December 7, 2022
It's almost a day-to-day routine for us in this area to tell you how worrying the growing cybersecurity threats and risks are because of the dire impacts they can have on individuals and organizations worldwide. Factors such as the ongoing digital transformation, the growth of remote work and digital transfers of money, the ability of threat actors to enhance and execute cyberattacks, and the increasing reliance on third parties for information technology services have contributed to the rise in cybersecurity risks. Cyberattacks or cybersecurity incidents can mean high costs for companies and their investors, such as operational disruptions, extortion payments, remediation actions, reputational impacts, legal fines and bankruptcy. The reduction of cybersecurity risks and potential costs for companies and their investors depends on the strategies implemented by the management and boards of directors of these companies. New regulations like the ones discussed in this post will surely lead many organizations to reinforce their cybersecurity plans and practices.
The "proposed rule" by the SEC
On March 9, 2022, the U.S. Securities and Exchange Commission (SEC) issued a press release proposing "amendments to its rules to enhance and standardize disclosures regarding cybersecurity risk management, strategy, governance, and incident reporting by public companies." The period to receive public comments and feedback in order to make adjustments to the proposals was initially 60 days. However, in October of the same year, the SEC reopened this comment period due to an apparent technical error that affected obtaining messages from interested parties. As we see on the SEC website in the comment section for this proposal, the messages received range from April 22 to November 12. It's expected that by 2023 these proposed rule modifications by the SEC will become effective.
Before describing these regulatory proposals and their potential benefits and costs, let's clarify a couple of things. The SEC is an independent agency of the U.S. federal government that seeks to enforce the law in order to maintain an orderly, efficient and fair market, protect investors and promote capital formation. In furtherance of these purposes, the SEC requires public companies and other companies regulated by the Securities Exchange Act of 1934 to file periodic reports, not only financial but also reports on their operational performance and future goals. By the way, when we talk about a public company, we mean one "whose ownership is organized via shares of stock which are intended to be freely traded on a stock exchange or in over-the-counter markets." The new SEC regulations are and will be highly relevant to the boards of directors (aka "boards") of these companies, i.e., the executive committees that oversee the activities of such organizations. It seems that many boards of public companies are already doing so, but with proposals such as the one referenced here, many others will be forced to pay more attention or care more about cybersecurity oversight as a top priority or necessity in their organizations.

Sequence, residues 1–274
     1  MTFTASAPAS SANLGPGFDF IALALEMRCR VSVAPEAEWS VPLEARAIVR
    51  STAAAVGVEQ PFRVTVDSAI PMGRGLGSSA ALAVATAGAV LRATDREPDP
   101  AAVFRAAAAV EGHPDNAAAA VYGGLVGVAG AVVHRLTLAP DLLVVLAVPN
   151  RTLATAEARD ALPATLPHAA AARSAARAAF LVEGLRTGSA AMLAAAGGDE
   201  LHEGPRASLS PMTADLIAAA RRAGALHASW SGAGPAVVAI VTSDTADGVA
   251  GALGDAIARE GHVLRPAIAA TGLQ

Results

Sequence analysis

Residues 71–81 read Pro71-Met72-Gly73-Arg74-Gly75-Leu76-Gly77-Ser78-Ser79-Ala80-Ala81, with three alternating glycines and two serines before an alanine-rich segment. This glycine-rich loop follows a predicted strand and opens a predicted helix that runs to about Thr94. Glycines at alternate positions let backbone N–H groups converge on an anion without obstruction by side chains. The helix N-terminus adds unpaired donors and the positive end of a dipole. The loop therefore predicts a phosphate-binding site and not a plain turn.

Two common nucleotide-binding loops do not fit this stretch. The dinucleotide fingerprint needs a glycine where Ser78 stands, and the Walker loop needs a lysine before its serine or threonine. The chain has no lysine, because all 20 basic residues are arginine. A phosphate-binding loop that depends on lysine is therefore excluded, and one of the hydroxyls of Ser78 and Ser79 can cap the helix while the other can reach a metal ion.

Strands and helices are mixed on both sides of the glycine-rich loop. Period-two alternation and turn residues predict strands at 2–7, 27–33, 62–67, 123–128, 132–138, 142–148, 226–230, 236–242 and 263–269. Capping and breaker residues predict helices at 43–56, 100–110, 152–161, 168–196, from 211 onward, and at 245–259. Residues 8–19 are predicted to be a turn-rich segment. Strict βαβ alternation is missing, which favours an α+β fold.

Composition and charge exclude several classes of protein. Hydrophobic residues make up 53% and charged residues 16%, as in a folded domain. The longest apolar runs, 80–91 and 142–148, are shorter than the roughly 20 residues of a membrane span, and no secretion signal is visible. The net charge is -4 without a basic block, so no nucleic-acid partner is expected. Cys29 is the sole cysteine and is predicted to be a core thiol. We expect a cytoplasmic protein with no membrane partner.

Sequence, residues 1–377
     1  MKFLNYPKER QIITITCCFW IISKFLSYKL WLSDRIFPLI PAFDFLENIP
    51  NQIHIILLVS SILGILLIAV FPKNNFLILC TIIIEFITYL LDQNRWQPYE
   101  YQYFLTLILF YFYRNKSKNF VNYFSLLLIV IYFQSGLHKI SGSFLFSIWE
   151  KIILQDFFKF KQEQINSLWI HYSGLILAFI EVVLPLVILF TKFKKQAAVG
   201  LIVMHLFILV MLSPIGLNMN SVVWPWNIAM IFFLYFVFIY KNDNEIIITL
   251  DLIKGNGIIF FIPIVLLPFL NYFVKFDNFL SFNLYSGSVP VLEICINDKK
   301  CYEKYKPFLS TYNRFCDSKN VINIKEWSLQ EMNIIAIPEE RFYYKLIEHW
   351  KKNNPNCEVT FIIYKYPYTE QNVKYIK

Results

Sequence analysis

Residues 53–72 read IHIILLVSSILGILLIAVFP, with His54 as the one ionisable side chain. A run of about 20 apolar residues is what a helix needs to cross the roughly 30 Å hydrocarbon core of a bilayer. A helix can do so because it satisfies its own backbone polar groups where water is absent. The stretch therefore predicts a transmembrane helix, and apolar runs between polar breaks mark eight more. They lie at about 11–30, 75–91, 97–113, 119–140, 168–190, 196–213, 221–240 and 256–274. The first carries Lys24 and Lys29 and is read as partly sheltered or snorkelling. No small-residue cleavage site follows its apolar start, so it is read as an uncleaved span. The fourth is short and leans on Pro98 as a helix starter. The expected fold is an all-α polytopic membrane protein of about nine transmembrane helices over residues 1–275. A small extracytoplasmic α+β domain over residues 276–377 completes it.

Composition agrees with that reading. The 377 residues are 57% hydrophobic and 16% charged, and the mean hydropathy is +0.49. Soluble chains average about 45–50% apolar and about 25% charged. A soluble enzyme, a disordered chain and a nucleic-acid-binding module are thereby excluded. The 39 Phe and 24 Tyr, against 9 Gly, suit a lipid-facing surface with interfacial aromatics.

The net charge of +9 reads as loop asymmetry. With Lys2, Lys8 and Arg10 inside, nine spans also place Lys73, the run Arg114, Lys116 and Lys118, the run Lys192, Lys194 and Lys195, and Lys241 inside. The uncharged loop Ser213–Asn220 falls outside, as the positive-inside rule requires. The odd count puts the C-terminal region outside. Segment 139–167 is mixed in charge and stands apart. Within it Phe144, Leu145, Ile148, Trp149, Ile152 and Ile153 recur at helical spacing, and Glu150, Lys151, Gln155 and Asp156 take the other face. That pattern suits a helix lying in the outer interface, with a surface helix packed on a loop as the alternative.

The official document delivered by the SEC is called "Proposed rule: Cybersecurity Risk Management, Strategy, Governance, and Incident Disclosure." With 129 pages, this document presents some background information, the proposed amendments in detail and an economic analysis, among other things. In general, what the SEC aims to establish as requirements for companies (aka "registrants") are the timely delivery of reports on material cybersecurity incidents and periodic disclosures on their policies and strategies used for the detection and management of cybersecurity risks, their governance in these matters and the cybersecurity expertise and oversight role of their board. The following is a brief description of these regulations and their benefits and costs (we don't go into details like the names of the amended rules or added items; we recommend that you read the full document):
Disclosure of material cybersecurity incidents
Although it may sound a bit ambiguous, according to Vinson & Elkins, "Incidents may be material if they have significant [impacts] on the company's financial position, operation, or relationship with its customers." Currently, due to issues such as potential loss of reputation, many companies do not report or at least not timely, wholly and consistently these types of incidents they experience. Sometimes, as the SEC says, referencing an investigation, even "the industries experiencing the most high profile cybersecurity incidents provided disclosure with the 'least amount of information.'" Therefore, this U.S. commission proposes requiring registrants to report each material cybersecurity incident within four business days after they determine they have experienced it. The SEC would expect companies to disclose for each incident information such as the following: the date of discovery, current status, description of its nature and scope, effect or impact on the company's data or operations, and remediation actions.
Updates to previously (un)disclosed incidents
A new regulatory item would require registrants to disclose modifications, additions or updates to previously revealed material cybersecurity incidents. On the other hand, the SEC would require companies to divulge corresponding information when a series of previously undisclosed individual "immaterial incidents" (say, those that didn't have "significant" impacts) become material incidents when aggregated.
Disclosure of risk management, strategy and governance
As the SEC states, "Staff in the Division of Corporation Finance has observed that most of the registrants that disclosed a cybersecurity incident in 2021 did not describe their cybersecurity risk oversight and related policies and procedures." Companies then would be required to consistently describe in detail their policies and procedures for the prevention, detection, assessment, monitoring and management of cybersecurity risks and threats. Linked to this, on another point, the SEC would require each company to disclose its governance capabilities, including information on oversight by its board and its management's involvement and expertise in implementing the policies and strategies outlined. This would include, for example, reporting on the presence of a chief information security officer, their expertise, and their processes of incident monitoring and reporting to the board of directors.